I pulled down on the handle until my arms ached and I decided that despite its interesting taste, fresh orange juice wasn’t worth this much effort.
“Good,” Dad said when no more juice dripped into the glass. “I’ll get you up a little earlier tomorrow morning so you have time to squeeze juice for all of us.”
The holes in the metal cone were now clogged with orange pulp and pits. Dad rinsed it out in the sink. Meanwhile Sparky turned to me and whispered, “Lucky you.”
For the next few mornings Dad got me up early and I had to squeeze oranges for everyone. This was almost as bad as when I went to summer camp and the first thing they made us do every morning was jump in the freezing cold pool and practice kicking and breathing. Each morning when Dad woke me, I’d groan, “Do I have to?” Finally, my apparent misery must have gotten the better of him because the morning blessedly came when he let me sleep, and I was never asked to squeeze oranges again.
The lunchtime baseball games continued, and I rarely, if ever got picked. Sometimes I sat on the bleachers hoping I’d get into the game in the late innings, and sometimes I wandered off and shot basketballs or played punchball against the wall. Our version of punchball was like handball only you used a soft rubber ball the size of a basketball. You could always get into a punchball game because all you had to do was wait for your turn. The funny thing was there were no stars in our punchball games. Everybody won and lost pretty much equally. Eventually I didn’t bother with baseball at lunch and played punchball instead.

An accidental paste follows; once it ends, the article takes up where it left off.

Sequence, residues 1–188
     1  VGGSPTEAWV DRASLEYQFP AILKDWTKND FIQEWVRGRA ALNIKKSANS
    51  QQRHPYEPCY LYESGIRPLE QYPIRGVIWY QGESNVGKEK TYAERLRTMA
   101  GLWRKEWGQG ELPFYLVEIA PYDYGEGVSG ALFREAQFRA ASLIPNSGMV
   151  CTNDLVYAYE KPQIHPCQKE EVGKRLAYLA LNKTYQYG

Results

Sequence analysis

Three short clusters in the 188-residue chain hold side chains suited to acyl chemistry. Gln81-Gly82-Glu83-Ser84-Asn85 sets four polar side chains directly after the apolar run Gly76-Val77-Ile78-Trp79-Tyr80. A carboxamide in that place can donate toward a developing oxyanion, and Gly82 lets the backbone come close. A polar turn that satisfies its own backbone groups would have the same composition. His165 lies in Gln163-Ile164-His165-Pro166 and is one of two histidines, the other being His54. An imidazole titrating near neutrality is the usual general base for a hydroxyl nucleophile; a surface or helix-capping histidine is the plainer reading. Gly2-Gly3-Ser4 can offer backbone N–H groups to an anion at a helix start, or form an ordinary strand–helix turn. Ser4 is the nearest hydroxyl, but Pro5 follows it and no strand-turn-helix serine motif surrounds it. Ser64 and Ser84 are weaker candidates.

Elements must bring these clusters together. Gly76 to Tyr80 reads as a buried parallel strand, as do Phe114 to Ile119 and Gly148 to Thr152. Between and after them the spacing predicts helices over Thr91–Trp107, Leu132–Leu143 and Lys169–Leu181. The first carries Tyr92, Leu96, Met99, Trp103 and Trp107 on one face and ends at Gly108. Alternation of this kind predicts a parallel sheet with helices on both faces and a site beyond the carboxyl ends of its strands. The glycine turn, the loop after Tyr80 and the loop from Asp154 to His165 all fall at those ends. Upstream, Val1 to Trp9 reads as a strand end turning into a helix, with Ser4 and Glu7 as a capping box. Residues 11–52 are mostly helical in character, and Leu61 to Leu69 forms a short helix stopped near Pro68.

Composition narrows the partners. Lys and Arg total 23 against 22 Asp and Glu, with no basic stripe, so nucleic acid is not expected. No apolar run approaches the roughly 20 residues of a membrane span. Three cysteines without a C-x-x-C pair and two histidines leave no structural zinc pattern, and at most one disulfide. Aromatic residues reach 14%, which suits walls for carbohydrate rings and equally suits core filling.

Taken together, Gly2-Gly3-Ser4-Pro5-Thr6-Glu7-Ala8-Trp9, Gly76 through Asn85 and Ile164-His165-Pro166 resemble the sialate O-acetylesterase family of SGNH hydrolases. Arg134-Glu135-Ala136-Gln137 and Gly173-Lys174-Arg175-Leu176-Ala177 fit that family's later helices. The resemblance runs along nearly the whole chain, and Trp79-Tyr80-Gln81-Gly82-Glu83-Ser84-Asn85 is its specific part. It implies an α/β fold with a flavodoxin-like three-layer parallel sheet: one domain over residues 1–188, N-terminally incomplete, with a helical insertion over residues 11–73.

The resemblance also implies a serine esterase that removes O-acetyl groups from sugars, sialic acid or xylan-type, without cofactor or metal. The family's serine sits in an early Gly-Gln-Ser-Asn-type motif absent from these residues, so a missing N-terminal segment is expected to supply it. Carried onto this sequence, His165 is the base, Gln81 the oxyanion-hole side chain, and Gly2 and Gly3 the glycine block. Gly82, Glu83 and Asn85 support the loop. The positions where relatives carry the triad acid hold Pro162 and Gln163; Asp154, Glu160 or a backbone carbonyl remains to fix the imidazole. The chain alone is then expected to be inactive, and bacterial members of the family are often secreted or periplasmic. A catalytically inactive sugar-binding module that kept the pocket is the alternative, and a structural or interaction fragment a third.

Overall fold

That summer I went to a tennis camp where you didn’t have to jump into the freezing cold pool each morning. Just as Dad said, I would go on to play, and enjoy, tennis my whole life. I never did get to a point where I could do more than a dozen pushups or half a dozen pull-ups, but after middle school that never seemed to matter.
And just as Dr. Harwich promised, I did eventually grow hair under my arms, and everyplace else, too. In fact, I wound up with so much of it – on my chest, shoulders, and back -- that certain people have suggested I shave or wax it. Like the Rolling Stones sang, “You can’t always get what you want, but if you try sometimes you just might find, you get what you need.”
And sometimes maybe even a little more.